Ring modulation


Audio: ring modulation (0:04)

Ring modulation
Figure: ring modulation

ring modulation plays four sounds in succession and the ring modulation figure shows their waveforms:

  1. The first sound, the top waveform, is a 200Hz sine wave.
  2. The second sound, the middle waveform, is a 500Hz sine wave.
  3. The third sound, the bottom waveform, contains two frequencies, 300Hz and 700Hz formed by ring modulating the first two sounds.
  4. The fourth sound (waveform not shown) is ring modulated speech.

Ring Modulation (RM) is achieved by multiplying two sounds together.

Despite its formidable name RM is the simplest form of modulation and is easy to write.

Simple RM multiplies two sine waves together. The result is a single sound containing two frequencies known as sidebands.

Sidebands always come in pairs. The first pair of sidebands are known as first-order sidebands. One of the sidebands equals the sum of the frequencies of the modulator and the carrier, the other equals the difference. The amplitude of each sideband is half the product of the input amplitudes.

In ring modulation the first sound is a 200Hz sine wave and the second is a 500Hz sine wave. Ring modulation multiplies these two sounds together. The output is a new sound containing a pair of first-order sidebands. One sideband has a frequency of 700Hz, the sum of the two frequencies (500+200=700). The other sideband is 300Hz, the difference between the two frequencies (500-200=300).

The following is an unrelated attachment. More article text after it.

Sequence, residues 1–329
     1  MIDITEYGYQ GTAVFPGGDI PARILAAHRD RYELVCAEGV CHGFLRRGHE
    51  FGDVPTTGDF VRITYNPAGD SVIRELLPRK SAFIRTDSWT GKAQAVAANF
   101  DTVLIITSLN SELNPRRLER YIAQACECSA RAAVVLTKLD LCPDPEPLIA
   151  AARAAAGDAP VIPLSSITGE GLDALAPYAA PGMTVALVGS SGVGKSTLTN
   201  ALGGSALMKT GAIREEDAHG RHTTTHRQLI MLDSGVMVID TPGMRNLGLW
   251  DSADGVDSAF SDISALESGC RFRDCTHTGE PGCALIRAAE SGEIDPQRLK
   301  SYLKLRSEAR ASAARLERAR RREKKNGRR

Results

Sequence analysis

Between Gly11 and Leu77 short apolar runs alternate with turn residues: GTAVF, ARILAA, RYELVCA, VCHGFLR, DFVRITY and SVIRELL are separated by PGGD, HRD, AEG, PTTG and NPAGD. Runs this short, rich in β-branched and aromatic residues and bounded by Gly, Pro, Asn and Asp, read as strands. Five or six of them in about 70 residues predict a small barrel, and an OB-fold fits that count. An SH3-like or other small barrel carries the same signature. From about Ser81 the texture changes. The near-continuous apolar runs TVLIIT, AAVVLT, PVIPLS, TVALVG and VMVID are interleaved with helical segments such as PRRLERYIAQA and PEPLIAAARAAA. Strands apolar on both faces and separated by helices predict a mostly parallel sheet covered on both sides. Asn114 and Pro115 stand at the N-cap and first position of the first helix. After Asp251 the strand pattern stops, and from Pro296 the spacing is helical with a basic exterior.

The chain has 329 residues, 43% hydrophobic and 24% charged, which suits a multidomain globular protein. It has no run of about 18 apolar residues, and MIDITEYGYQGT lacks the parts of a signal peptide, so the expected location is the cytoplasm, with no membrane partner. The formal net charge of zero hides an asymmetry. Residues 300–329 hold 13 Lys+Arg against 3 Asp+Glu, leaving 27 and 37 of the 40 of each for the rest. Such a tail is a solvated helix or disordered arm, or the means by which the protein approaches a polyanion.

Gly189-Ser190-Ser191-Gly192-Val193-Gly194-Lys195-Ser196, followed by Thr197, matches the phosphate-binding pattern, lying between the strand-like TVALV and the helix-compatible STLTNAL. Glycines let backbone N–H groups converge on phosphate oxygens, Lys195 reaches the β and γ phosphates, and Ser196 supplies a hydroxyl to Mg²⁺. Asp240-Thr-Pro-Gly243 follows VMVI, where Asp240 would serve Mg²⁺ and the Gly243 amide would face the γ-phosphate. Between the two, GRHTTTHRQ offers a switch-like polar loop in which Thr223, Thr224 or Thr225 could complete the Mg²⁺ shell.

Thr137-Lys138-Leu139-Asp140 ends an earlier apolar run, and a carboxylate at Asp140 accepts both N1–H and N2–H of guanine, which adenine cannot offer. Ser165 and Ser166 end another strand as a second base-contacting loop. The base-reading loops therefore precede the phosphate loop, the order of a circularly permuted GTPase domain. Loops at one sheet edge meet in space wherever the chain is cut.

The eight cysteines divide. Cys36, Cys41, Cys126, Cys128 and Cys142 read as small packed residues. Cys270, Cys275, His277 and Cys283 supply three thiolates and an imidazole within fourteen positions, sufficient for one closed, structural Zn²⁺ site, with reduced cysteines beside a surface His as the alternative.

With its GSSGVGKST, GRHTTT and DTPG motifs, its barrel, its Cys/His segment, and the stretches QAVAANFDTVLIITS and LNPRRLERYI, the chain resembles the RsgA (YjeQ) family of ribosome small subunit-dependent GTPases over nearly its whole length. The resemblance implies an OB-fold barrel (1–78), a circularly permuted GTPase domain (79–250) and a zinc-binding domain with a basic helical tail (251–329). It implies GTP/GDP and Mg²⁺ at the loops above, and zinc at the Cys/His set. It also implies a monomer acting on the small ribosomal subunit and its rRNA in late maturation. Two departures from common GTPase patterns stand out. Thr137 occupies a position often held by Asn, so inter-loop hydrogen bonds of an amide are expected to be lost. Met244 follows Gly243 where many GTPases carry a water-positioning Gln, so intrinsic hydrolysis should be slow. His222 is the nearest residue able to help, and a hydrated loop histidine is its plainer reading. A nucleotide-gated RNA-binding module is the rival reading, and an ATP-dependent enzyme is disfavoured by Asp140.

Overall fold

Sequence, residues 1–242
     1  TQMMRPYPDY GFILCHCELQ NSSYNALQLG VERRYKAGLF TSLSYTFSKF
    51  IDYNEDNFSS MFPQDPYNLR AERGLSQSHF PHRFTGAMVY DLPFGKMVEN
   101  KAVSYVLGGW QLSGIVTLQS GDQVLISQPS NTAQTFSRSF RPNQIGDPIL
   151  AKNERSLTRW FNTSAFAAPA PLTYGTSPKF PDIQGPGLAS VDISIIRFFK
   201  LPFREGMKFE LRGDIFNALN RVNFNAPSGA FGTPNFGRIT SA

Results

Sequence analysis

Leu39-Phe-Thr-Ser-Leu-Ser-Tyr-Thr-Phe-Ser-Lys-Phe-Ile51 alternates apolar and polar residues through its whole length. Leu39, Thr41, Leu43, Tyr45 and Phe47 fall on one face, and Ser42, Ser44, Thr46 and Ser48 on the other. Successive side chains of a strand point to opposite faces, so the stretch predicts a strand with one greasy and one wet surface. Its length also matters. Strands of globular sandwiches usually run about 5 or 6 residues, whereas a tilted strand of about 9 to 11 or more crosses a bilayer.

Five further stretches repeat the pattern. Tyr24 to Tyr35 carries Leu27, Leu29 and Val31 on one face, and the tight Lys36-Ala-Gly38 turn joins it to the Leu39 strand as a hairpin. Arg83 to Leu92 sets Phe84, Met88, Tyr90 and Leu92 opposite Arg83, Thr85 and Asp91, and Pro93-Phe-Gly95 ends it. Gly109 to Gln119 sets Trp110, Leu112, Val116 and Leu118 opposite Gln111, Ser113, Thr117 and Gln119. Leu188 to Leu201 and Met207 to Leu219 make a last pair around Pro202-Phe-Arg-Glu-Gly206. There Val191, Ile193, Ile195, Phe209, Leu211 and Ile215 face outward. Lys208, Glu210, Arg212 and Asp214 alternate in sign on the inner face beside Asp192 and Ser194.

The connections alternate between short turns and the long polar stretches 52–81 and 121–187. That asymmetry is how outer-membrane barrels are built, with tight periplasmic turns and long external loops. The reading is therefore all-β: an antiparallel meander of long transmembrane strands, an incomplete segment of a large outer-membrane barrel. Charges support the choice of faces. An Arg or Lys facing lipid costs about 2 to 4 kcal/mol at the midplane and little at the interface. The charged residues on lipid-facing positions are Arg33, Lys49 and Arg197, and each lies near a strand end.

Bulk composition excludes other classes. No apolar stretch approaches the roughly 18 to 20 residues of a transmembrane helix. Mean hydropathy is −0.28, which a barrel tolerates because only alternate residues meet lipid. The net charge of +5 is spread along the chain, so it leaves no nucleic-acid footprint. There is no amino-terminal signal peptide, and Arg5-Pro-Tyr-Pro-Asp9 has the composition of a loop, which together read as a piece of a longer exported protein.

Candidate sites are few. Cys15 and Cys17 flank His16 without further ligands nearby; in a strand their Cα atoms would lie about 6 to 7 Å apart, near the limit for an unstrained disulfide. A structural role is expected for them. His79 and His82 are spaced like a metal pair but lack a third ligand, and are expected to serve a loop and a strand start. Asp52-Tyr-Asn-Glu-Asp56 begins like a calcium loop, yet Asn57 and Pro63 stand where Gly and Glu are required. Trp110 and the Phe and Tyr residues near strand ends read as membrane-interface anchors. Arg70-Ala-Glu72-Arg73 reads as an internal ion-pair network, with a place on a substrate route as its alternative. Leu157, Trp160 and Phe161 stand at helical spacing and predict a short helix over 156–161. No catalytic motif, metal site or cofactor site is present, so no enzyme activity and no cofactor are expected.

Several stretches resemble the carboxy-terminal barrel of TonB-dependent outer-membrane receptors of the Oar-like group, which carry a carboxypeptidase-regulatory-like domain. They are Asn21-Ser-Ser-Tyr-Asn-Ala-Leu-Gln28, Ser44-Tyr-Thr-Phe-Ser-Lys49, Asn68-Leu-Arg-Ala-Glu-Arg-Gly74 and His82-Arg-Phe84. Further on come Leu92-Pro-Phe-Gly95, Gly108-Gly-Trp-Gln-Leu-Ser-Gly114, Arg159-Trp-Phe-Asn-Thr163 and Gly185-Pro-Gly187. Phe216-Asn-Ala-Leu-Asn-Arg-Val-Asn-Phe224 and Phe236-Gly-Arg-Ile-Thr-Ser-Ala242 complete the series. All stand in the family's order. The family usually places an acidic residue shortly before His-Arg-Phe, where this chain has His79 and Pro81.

Simple RM always uses two sine waves as input. The output is always a single sound containing a pair of frequencies called first-order sidebands. These first-order sidebands are all we hear, we do not hear the frequencies of the two original sine waves.

Whereas simple RM always uses two sine waves as inputs, complex RM requires one or both of the inputs to be a sound other than a sine wave.

The fourth sound in ring modulation is an example of complex RM. It is achieved by ring modulating speech with a 30Hz sine wave. What happens is that every frequency in the sample of speech is replaced by two sidebands. A frequency of 440Hz, for example, is replaced by two sidebands, 410Hz (440-30=410) and 470Hz (440+30=470), each sideband having half the amplitude of the frequency it replaced. The example mimics one of the most famous uses of complex RM, to create the sound of a Dalek in the BBC programme, Doctor Who.

RM is a simple and powerful synthesis technique. The output of simple RM is not harmonically rich: two frequencies in, two frequencies out. Its impact, however, is considerable because the carrier and modulator frequencies disappear altogether to be replaced by sidebands. In complex RM, the effect is even more pronounced, every frequency is replaced by a pair of sidebands, and the output has a distinctive hollow metallic sound.